The promise of smart buildings is cropping up across the ICT industry lately. Our calendar of vendor briefings and events is crowded with announcements of new products, acquisitions, and partnerships as ICT suppliers seek to connect their digital and analytic systems with the physical world of HVAC, security, lighting, and other in-building systems.
There are a number of goals that smart building projects hope to achieve, including:
Improving customers' bottom lines by reducing energy consumption and expense.
Improving employees' physical surroundings and therefore productivity and satisfaction.
Improving sustainability metrics and perceptions by baselining and then reducing corporate carbon footprint.
It's been clear for some time that sustainability is moving from the periphery toward the center of many companies' strategic agendas, and that IT systems and software will play a crucial role in accelerating that movement.
But what's been missing -- until now -- is an overarching framework for understanding who the stakeholders (and buyers) of IT-for-sustainability (ITfS) systems are, what motivations and barriers they face, and which categories of products, services, and solutions can help them. With the research report that we will publish next month, Forrester takes a giant step towards providing that framework. Based on interviews with sustainability leaders at more than a dozen large global enterprises, we developed three company archetypes of sustainability adoption (see Figure 1):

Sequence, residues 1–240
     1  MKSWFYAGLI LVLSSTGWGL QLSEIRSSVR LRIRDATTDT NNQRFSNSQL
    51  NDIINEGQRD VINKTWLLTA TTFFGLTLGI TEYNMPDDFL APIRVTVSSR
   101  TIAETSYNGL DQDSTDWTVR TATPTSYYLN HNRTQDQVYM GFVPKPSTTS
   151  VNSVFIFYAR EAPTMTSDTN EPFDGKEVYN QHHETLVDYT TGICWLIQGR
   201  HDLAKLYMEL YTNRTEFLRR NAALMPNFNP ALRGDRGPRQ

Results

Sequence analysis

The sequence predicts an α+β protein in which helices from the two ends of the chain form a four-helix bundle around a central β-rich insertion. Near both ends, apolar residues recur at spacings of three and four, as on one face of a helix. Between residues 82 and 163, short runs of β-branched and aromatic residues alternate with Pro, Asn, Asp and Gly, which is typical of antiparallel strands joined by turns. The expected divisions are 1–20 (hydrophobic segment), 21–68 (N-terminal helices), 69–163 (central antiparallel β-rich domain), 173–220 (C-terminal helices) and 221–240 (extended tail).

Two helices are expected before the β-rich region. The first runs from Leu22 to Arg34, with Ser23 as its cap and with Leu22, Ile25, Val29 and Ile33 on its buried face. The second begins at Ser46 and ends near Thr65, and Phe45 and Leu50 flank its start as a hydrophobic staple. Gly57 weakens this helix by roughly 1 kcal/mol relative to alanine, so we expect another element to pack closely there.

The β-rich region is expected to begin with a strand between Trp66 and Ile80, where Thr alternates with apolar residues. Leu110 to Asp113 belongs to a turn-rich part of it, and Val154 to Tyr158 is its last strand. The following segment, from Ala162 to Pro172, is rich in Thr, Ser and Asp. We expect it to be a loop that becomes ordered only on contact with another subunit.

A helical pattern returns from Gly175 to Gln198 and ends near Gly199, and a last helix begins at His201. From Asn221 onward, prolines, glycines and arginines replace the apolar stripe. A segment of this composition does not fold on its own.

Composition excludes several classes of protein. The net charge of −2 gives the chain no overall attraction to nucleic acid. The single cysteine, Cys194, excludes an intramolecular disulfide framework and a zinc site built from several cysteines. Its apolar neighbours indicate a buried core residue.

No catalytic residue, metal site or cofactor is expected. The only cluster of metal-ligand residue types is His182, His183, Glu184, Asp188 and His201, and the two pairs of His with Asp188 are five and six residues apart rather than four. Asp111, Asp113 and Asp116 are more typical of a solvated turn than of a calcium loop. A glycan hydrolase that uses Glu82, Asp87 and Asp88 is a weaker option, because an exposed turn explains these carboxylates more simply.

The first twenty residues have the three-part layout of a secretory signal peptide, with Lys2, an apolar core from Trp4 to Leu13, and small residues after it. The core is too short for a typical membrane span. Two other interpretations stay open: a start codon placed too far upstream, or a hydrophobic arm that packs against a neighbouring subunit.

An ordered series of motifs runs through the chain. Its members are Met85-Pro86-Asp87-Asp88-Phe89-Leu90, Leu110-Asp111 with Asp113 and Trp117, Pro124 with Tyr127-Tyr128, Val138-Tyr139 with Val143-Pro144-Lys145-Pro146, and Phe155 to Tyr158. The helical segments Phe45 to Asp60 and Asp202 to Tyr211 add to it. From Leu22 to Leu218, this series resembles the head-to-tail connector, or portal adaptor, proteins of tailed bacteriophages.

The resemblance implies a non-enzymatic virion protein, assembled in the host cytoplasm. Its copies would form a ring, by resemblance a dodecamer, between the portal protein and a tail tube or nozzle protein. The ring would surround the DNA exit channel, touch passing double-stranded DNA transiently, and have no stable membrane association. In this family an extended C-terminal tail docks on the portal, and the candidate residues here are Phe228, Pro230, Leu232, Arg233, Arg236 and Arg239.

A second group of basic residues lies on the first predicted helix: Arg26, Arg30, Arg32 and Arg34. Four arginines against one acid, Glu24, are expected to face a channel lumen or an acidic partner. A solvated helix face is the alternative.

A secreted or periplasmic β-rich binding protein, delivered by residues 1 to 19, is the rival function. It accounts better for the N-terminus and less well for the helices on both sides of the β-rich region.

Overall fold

• Marketer: Improving branding and transparency with advanced reporting. Companies that fall into this category are either early in their sustainability maturity or just do what they have to do when it comes to regulatory compliance.
I meet with about three or four sustainability solution providers each week, getting an update on their customer and product progress and sharing our latest research plans and client inquiries in the IT-for-sustainability (ITfS) space. In the past few weeks, I heard again from vendors about their excitement for new regulatory mandates appearing on the horizon.